If the shoes are not too worn down, your farrier may replace the same set of shoes on your horse. Horseshoes that have become thin or lost their grip will need to be replaced with a set of new shoes.
Click Here to Get Info About:
How Long Do Horseshoes Last? – How Often Do Horses Need New Shoes
For horses that are exercised regularly on rough or uneven ground, the shoes will wear out quickly. This is particularly the case for horses that are ridden on tarmac surfaces. In some cases, the horse may need a new set of horseshoes every time the farrier comes to trim the hooves.
Other horses seem to barely wear their shoes out at all, and their horseshoes can last a lot longer. The shoes will still need to be removed regularly so that the hooves can be trimmed, but the same set of shoes can be replaced.
How Much To Shoe A Horse?
The cost of shoeing a horse will vary according to your region and whether the horse needs a new set of shoes or is having the current set replaced. The average price of a trim and a new set of horseshoes is $130. In some areas, this price may increase to $200 or more.
Some types of shoes are very specialist and may incur a higher price tag. This includes lightweight racing plates worn by racehorses and supportive shoes for horses with hoof problems.
If your horse does not need to wear shoes, then the farrier costs will be a lot lower. Trimming a horse’s hooves that does not wear shoes will normally cost around $50. Unshod horses do not need to tend to need trimming as frequently as their hooves will wear down naturally.
lukar 8pcs Horseshoe Hoof Trimmers Tools Pliers Rasp Hoof Cutter Set
Summary – How Often Do Horses Need New Shoes
So, how often do horses need new shoes? Horse hooves grow continuously, and when a horse wears shoes, the hooves do not wear down in the same way as an unshod horse. This means that every four to six weeks, the shoes will need to be removed and the hooves trimmed and reshaped. Your farrier may be able to refit the same set of shoes, or the horse may need new shoes at this point.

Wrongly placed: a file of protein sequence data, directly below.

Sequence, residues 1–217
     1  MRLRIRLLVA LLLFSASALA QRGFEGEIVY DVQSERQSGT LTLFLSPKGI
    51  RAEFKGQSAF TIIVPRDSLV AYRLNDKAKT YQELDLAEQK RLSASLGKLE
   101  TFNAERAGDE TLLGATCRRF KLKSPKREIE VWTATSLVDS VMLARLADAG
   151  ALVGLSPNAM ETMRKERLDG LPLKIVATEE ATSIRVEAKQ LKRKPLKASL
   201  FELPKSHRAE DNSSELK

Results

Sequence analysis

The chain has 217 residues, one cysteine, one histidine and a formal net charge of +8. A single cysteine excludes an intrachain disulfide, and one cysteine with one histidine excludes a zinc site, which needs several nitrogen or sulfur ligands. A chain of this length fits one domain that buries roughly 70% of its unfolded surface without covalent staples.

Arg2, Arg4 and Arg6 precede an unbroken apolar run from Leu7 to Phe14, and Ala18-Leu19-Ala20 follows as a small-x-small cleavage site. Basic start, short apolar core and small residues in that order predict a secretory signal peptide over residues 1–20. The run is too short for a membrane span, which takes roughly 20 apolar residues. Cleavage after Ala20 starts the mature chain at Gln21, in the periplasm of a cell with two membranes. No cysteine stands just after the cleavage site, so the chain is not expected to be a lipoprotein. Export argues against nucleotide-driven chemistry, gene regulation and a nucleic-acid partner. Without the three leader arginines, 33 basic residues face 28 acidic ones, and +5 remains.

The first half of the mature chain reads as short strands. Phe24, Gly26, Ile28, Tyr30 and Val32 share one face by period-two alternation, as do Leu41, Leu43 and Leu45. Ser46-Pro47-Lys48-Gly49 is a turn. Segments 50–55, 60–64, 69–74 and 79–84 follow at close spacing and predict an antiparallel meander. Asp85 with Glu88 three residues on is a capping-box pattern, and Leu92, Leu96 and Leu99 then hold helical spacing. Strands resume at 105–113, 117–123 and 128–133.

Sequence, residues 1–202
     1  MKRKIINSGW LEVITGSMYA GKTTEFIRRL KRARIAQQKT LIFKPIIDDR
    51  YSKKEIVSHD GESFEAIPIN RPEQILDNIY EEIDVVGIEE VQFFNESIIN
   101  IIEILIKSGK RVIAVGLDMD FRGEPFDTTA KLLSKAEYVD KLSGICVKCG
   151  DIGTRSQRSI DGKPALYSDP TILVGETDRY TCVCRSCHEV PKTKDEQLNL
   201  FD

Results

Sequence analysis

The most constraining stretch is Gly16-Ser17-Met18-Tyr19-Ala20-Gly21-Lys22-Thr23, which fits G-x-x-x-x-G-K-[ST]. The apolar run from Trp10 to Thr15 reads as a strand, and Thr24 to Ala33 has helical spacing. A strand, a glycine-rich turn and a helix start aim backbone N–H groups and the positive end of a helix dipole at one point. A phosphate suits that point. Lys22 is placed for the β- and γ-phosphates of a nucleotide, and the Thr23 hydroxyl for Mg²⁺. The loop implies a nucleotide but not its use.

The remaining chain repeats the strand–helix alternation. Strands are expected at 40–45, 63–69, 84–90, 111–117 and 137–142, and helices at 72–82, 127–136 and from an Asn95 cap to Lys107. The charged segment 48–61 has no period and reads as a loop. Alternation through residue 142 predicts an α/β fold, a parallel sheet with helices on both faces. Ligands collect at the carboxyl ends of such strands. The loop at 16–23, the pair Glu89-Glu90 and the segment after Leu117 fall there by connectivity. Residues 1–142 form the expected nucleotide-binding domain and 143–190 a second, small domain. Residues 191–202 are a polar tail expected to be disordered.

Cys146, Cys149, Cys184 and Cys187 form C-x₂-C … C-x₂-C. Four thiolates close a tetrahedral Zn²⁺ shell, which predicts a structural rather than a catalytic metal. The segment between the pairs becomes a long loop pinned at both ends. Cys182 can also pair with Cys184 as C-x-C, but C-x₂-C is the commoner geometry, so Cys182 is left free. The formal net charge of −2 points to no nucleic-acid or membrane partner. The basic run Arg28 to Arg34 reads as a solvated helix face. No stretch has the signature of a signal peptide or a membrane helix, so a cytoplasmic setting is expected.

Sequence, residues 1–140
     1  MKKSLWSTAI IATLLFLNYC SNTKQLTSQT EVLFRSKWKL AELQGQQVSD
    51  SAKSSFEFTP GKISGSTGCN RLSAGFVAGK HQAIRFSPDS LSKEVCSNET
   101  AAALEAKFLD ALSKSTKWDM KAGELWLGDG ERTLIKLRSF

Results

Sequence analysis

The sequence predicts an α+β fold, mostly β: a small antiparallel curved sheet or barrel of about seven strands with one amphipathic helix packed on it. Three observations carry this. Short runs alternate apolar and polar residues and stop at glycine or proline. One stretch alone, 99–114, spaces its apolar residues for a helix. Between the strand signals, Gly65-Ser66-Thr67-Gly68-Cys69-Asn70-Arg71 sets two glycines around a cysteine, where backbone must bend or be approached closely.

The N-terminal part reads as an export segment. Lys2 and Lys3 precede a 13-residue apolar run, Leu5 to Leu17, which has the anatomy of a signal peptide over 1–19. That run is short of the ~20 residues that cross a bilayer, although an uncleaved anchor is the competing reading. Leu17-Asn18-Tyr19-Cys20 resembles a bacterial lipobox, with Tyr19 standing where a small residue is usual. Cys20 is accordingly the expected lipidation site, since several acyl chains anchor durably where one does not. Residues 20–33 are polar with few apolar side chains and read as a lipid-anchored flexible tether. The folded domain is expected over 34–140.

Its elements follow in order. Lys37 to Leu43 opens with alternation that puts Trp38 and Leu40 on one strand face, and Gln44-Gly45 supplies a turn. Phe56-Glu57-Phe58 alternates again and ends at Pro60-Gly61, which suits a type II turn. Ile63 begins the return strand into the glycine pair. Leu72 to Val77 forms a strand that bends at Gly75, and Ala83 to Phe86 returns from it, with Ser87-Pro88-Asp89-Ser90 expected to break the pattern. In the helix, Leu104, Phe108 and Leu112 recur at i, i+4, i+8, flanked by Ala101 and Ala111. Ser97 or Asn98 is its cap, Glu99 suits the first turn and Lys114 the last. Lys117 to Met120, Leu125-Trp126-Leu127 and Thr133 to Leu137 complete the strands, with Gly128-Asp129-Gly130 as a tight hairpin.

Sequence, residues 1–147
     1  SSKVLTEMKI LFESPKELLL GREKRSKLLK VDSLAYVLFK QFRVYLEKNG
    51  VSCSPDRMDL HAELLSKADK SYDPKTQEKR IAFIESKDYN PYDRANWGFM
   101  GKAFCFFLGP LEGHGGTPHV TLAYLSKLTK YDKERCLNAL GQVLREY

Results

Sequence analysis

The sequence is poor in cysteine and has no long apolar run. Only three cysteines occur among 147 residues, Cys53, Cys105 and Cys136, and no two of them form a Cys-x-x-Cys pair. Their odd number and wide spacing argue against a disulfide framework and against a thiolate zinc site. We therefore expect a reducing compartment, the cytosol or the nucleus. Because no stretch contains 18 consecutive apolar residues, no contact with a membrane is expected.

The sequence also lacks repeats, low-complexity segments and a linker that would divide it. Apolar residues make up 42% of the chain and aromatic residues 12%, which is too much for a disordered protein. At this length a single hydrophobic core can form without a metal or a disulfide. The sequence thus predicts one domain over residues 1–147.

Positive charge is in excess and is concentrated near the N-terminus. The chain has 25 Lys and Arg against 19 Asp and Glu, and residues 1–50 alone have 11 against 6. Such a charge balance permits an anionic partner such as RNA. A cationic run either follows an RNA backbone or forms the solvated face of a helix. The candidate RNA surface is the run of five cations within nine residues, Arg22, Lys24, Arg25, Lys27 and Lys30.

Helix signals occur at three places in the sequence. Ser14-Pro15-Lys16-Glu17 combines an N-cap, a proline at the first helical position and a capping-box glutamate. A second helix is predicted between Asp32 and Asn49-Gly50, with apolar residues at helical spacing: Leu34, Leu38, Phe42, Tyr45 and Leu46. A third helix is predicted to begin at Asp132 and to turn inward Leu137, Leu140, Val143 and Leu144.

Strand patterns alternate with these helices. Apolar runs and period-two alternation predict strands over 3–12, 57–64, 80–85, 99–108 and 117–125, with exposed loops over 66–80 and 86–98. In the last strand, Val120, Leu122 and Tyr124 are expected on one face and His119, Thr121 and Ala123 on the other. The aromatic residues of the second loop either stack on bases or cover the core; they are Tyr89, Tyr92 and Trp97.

We would love to hear your thoughts on how often do horses need new shoes! Do you have a horse that loses shoes all the time no matter what you do? Or perhaps you’ve got some questions about the best way to ride a horse that doesn’t wear shoes? Leave a comment below and we will get back to you!
Kate Chalmers is a qualified veterinary nurse who has specialized in horse care for the vast majority of her career. She has been around horses since she was a child, starting out riding ponies and helping out at the local stables before going on to college to study Horse Care & Management. She has backed and trained many horses during her lifetime and competed in various equestrian sports at different levels.
After Kate qualified as a veterinary nurse, she provided nursing care to the patients of a large equine veterinary hospital for many years. She then wenton to teach horse care and veterinary nursing at one of the top colleges in the country. This has led to an in-depth knowledge of the care needs of horses and their various medical ailments, as well as a life-long passion for educating horse owners on how to provide the best possible care for their four-legged friends.
Kate Chalmers BSc (Hons) CVN, Dip AVN (Equine) Dip HE CVN EVN VN A1 PGCE